DEAD AWAKE (2016)

Dead Awake.jpg

Studio:       FilmRise
Director:    Phillip Guzman
Writer:       Jeffrey Reddick
Producer:  Galen Walker, James LaMarr, Derek Lee Nixon, Phillip Guzman, Philip Marlatt, Kurt Wehner
Stars:     Jocelin Donahue, Jesse Bradford, Jesse Borrego, James Eckhouse, Brea Grant, Lori Petty, Billy Blair, Mona Lee Fultz, A.J. Gutierrez, Natali Jones, Liz Mikel

Review Score:


Summary:

A young woman connects a series of puzzling deaths to the phenomenon of sleep paralysis and nightmares of a demonic hag.


Synopsis:     

Review:

First-person accounts regarding the real-life phenomenon describe sleep paralysis as a terrifying experience for victims.  Contrarily, filmmakers have not had huge success translating those feelings into frightful fiction for viewers.

While “The Nightmare” (review here), Rodney Ascher’s stylized documentary on the subject, garnered fair acclaim, straight thrillers such as “Shadow People” (review here) and “The Man in the Shadows” (review here) have been as sleepy about suspense as sufferers are when they encounter night terrors.  Phillip Guzman’s “Dead Awake,” with a script from “Final Destination” scribe Jeffrey Reddick, adds itself to this growing list of evidence that perhaps sleep paralysis isn’t quite the fodder for filmic nightmare fuel that some seem to think it is.

Or at least, it isn’t when Freddy Krueger isn’t involved.  And try as it might, and boy does it try, “Dead Awake” is definitely not “A Nightmare on Elm Street.”

Driven by the sudden death of her twin sister Beth, Kate Bowman unravels a mystery involving Beth’s boyfriend Evan, her friend Linda, two different doctors, and a disorder where subjects are strangled to death in their sleep.  What worries Kate even more is discovering that the supernatural source of her sister’s demise is far from finished haunting their family and friends.

Summing up “Dead Awake” in two sentences is simple since there is so little substance involved.  There isn’t much character development.  There isn’t even much story.  Below is the rambling roadmap followed after an opening scene in which Beth discloses her nighttime troubles at a boring birthday party.  Note how many times “goes/returns to” appears:

  • Beth goes to see her sister Kate to explain her disorder in detail.
  • The two sisters go to see Dr. Sykes, who assures them that sleep paralysis is not physically harmful.
  • Kate goes to Beth’s funeral and meets Hassan, a doctor who confirms Beth’s claims of a hag haunting her nightmares.
  • Kate goes to see her parents and moves into Beth’s room.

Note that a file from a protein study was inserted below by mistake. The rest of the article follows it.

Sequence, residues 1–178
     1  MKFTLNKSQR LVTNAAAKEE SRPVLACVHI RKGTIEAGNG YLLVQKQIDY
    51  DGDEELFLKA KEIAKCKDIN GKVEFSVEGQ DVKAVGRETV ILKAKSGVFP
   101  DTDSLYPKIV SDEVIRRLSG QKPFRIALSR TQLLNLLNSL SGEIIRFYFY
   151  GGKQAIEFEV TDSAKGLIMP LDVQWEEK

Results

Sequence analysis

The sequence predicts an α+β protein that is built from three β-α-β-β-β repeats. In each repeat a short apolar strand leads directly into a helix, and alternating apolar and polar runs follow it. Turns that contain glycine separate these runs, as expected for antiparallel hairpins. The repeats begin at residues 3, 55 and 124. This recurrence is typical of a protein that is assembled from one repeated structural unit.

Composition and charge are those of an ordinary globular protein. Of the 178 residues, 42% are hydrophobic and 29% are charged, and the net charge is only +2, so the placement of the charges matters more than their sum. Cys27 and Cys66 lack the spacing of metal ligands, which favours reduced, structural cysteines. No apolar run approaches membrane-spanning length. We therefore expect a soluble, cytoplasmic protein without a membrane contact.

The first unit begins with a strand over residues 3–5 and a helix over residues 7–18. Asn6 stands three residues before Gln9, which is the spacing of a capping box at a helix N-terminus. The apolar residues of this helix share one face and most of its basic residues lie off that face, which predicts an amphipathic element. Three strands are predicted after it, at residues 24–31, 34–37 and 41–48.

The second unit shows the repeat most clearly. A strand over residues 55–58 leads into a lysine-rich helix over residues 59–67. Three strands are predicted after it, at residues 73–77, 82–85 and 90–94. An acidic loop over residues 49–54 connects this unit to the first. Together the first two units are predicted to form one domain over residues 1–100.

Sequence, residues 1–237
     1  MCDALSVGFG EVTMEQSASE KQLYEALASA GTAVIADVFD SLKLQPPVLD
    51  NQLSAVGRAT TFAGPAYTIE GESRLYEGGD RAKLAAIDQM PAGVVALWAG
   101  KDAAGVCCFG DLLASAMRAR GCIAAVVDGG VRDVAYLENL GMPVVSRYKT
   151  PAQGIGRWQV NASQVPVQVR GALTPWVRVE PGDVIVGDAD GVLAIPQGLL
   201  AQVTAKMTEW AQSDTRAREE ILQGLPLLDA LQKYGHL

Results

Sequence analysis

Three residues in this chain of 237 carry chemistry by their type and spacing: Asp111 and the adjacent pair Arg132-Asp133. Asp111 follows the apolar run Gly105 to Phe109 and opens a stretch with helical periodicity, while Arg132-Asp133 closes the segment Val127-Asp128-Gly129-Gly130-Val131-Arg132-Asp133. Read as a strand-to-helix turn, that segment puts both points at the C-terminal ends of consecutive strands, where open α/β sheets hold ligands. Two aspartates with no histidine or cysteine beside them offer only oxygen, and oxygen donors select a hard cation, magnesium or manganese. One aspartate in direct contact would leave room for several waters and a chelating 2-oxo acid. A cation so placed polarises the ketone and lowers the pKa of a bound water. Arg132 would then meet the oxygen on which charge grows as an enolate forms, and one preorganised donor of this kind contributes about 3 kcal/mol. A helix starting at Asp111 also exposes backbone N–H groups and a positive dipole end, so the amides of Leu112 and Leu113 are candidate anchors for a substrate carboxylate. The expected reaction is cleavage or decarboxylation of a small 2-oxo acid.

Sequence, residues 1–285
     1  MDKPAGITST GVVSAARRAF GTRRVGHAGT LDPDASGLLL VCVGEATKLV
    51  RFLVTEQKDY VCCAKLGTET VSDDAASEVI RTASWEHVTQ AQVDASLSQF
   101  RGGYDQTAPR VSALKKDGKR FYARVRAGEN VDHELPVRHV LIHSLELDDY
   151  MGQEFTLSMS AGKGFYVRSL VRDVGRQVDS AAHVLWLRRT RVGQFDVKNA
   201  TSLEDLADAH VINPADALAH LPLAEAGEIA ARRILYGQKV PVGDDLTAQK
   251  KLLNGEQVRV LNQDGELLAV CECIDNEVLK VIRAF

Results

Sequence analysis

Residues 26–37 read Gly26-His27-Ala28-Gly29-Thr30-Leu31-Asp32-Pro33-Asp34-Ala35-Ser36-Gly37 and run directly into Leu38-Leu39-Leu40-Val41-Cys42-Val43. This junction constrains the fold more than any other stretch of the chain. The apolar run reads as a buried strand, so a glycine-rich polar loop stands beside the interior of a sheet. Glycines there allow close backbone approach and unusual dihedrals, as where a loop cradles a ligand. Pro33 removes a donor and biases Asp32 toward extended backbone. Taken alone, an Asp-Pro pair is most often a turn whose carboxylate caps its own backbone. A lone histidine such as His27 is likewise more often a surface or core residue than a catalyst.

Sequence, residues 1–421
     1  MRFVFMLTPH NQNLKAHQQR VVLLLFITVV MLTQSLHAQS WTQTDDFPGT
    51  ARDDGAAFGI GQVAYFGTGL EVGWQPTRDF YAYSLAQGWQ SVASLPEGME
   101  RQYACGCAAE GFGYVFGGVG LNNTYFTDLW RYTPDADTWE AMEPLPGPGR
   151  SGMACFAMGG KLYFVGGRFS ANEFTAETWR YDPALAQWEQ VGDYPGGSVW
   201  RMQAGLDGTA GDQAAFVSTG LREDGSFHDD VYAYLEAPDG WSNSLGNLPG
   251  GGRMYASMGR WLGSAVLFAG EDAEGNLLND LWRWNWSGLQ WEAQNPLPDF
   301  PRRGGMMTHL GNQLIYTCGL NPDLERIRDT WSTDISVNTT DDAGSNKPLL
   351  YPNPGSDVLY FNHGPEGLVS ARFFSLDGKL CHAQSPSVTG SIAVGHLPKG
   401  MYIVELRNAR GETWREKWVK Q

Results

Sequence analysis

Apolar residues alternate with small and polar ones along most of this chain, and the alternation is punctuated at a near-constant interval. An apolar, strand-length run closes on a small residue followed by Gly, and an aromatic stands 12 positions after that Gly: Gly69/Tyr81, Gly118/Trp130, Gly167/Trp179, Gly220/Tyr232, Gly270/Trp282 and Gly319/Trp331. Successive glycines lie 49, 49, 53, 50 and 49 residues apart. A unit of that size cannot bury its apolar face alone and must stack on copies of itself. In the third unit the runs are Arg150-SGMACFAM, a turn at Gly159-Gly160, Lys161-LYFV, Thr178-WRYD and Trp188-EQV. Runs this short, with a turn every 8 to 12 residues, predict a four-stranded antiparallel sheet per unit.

• Kate goes to see Beth’s boyfriend Evan, who redirects Kate back to Dr. Sykes.
  • Kate goes to see Dr. Sykes, who dismisses Hassan’s radical theories for not being based in science.
  • Kate goes to see Hassan, who tells Kate more about “The Old Hag Syndrome.”
  • Kate contacts Linda, Beth’s friend who is under Dr. Sykes care, but Linda refuses to say anything about visions involving the hag.
  • Kate returns to Evan, who has his own encounter with the hag in a nightmare that evening.
  • Kate returns to her parents for a brief “we’re worried about you.”
  • Kate is called to see Linda, who finally wishes to open up about her experiences.
  • Kate and Linda return to Dr. Sykes, who reiterates the same things she said on Kate’s previous two visits.
  • Kate returns to Evan and they find a lead in John Pang, who may have a solution to the sleep paralysis problem.  Unable to get Pang on the phone, Kate decides to drive to Austin, Texas to see him in person.
  • Kate goes to bring Linda along, despite last leaving Linda on Dr. Sykes’ side.  Kate is greeted at Linda’s door by Dr. Sykes, who unprofessionally infers Kate is partly responsible for Linda’s unfortunate fate.  This is the last time we see Sykes before an epilogue stinger.
  • Kate and Evan go to see Hassan to tell him they are going to see Pang.
  • Kate and Evan drive to Austin only to find Pang is a raving nutcase who is no help at all.
  • Kate and Evan return to Hassan, who has a plan for breaking the hag’s spell over each of them.  Kate undergoes Hassan’s experiment, but before Evan has the same opportunity, Kate recalls her parents might be in similar danger and they rush home to check.
  • Kate’s parents are fine, and this false alarm is the last part they play in the film.  Instead of returning to Hassan for Evan’s treatment, Kate and Evan return to Evan’s loft, where Kate takes a shower.
  • Hassan goes to see Kate.
  • Kate goes back to Hassan’s.

Motivations for moving from point A to point B are fabricated so flimsily, plot progression becomes a circuitous line through setups existing solely to encounter a roadblock.  Then the story simply ping-pongs back to a previous dot or otherwise spins its wheels without gaining any traction.

Tension is backed into a corner because characters, many of whom have a semblance of perfunctory functions yet end up as excisable inclusions killing time through conversation, are caught standing stone still because of the sleep paralysis concept, making for anemic onscreen action.  Suspense instead involves a doctor waiting to administer an adrenaline shot before dropping the needle under a couch at a key moment.  Is watching outstretched arms scrabbling frantically on the floor really supposed to raise goosebumps?

“Dead Awake” stirs a batter of Wes Craven’s greatest hits without including any of the frightful flavor.  Reddick’s script is basic to the point of being DOA, shackling actors to dull personalities and bland direction in the process.

“Dead Awake” is dangerous to watch within easy access to a Pause button.  It’s tempting to hit that option often in hopes of encountering a more interesting distraction.  Before you know it, a 98-minute movie lasts three hours or more.  And you don’t want to spend any more time with “Dead Awake” than you have to.

Review Score:  40